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Hip Injuries, Age 12 and Older

Hip Injuries, Age 12 and Older

Topic Overview

A hip injury and pain can make it hard to walk, go up and down stairs, squat, or sleep on the side that hurts. A clicking or snapping feeling or sound around your hip joint (snapping hip) may bother you or cause you to worry. But if your hip is not painful, in many cases the click or snap is nothing to worry about. Home treatment may be all that is needed for minor hip symptoms.

To better understand hip injuries, it may be helpful to know how the hip works. It is the largest ball-and-socket joint in the body. The thighbone (femur) fits tightly into a cup-shaped socket (acetabulum) in the pelvis. The hip joint is tighter and more stable than the shoulder joint but it does not move as freely. The hip joint is held together by muscles in the buttock, groin, and spine; tendons; ligaments; and a joint capsule. Several fluid-filled sacs (bursae) cushion and lubricate the hip joint and let the tendons and muscles glide and move smoothly. The largest nerve in the body (sciatic nerve) passes through the pelvis into the leg.

Hip injuries

Injuries are a common cause of hip problems. You may not remember a specific injury, especially if your symptoms began slowly or during everyday activities.

  • Overuse injuries occur from repeating the same activity. The repeated activity, such as running or bicycling long distances, stresses the hip joint and may cause irritation and inflammation. Examples of overuse injuries include irritation of the large sac (bursae) that cushions the bones of the hip joint (trochanteric bursitis), irritation of the tendons in the hip ( tendinitis ), muscle strain , and hairline cracks ( stress fracture ) in the neck of the thighbone (femur).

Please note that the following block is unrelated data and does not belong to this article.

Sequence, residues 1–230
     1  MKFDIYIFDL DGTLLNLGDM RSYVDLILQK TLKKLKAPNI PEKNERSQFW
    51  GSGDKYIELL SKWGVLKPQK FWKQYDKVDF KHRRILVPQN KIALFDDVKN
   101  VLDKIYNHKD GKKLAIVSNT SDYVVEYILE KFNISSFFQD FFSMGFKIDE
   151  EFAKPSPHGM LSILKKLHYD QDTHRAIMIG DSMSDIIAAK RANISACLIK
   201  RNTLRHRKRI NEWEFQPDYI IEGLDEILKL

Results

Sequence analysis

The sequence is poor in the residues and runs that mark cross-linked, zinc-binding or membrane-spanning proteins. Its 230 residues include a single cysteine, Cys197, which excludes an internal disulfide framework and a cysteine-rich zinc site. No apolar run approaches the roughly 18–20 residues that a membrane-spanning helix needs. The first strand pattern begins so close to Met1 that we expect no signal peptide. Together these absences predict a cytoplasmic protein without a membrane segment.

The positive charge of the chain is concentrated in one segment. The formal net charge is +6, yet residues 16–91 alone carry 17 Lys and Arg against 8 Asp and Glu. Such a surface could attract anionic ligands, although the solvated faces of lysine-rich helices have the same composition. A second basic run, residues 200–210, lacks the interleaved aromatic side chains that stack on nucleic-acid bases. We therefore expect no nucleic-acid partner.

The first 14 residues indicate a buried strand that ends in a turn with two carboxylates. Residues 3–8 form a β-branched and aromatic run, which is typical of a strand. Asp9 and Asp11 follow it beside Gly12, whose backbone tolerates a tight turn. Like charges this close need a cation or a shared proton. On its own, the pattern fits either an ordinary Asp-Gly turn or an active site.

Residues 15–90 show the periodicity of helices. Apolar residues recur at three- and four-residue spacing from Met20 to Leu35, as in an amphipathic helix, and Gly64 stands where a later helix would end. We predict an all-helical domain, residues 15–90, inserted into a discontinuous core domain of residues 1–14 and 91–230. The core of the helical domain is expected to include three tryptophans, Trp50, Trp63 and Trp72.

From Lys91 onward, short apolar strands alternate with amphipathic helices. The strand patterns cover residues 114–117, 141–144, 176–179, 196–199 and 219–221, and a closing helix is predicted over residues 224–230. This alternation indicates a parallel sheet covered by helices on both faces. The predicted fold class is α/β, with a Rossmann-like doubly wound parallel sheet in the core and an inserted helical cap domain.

• A sudden (acute) injury may occur from a fall on the hip, a direct blow to the hip or knee, or abnormal twisting or bending of the leg. Examples of acute injuries that may cause hip pain include:

Treatment for a hip injury depends on the location, type, and severity of the injury as well as your age, general health, and activities (such as work, sports, hobbies). Treatment may include first aid measures; application of a brace, cast, harness, or traction; physical therapy; medicines; or surgery.

Check your symptoms to decide if and when you should see a doctor.

Check Your Symptoms

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Home Treatment

Home treatment may help relieve hip pain, swelling, and stiffness.

  • Rest. Try to rest and protect an injured or sore area. Stop, change, or take a break from any activity that may be causing your pain or soreness.
  • Ice will reduce your pain and swelling. Put ice or cold packs on the injured area immediately. Put ice on for 20 minutes out of every hour and do this 4 or more times in the first 1 to 2 days. Wrap the ice in a wet towel. Do not put the ice right on the skin. Do not fall asleep with an ice pack on your skin.
  • Sleep on your uninjured hip with a pillow between your knees, or sleep on your back with pillows beneath your knees.
  • Gently massage or rub your hip to relieve pain and help blood flow.
  • For the first 1 to 2 days after an injury, do not do things that might increase swelling, such as taking hot showers or use hot tubs, hot packs, or alcohol beverages.
  • Do not use aspirin for the first 24 hours after an injury. Aspirin may cause more bruising under the skin.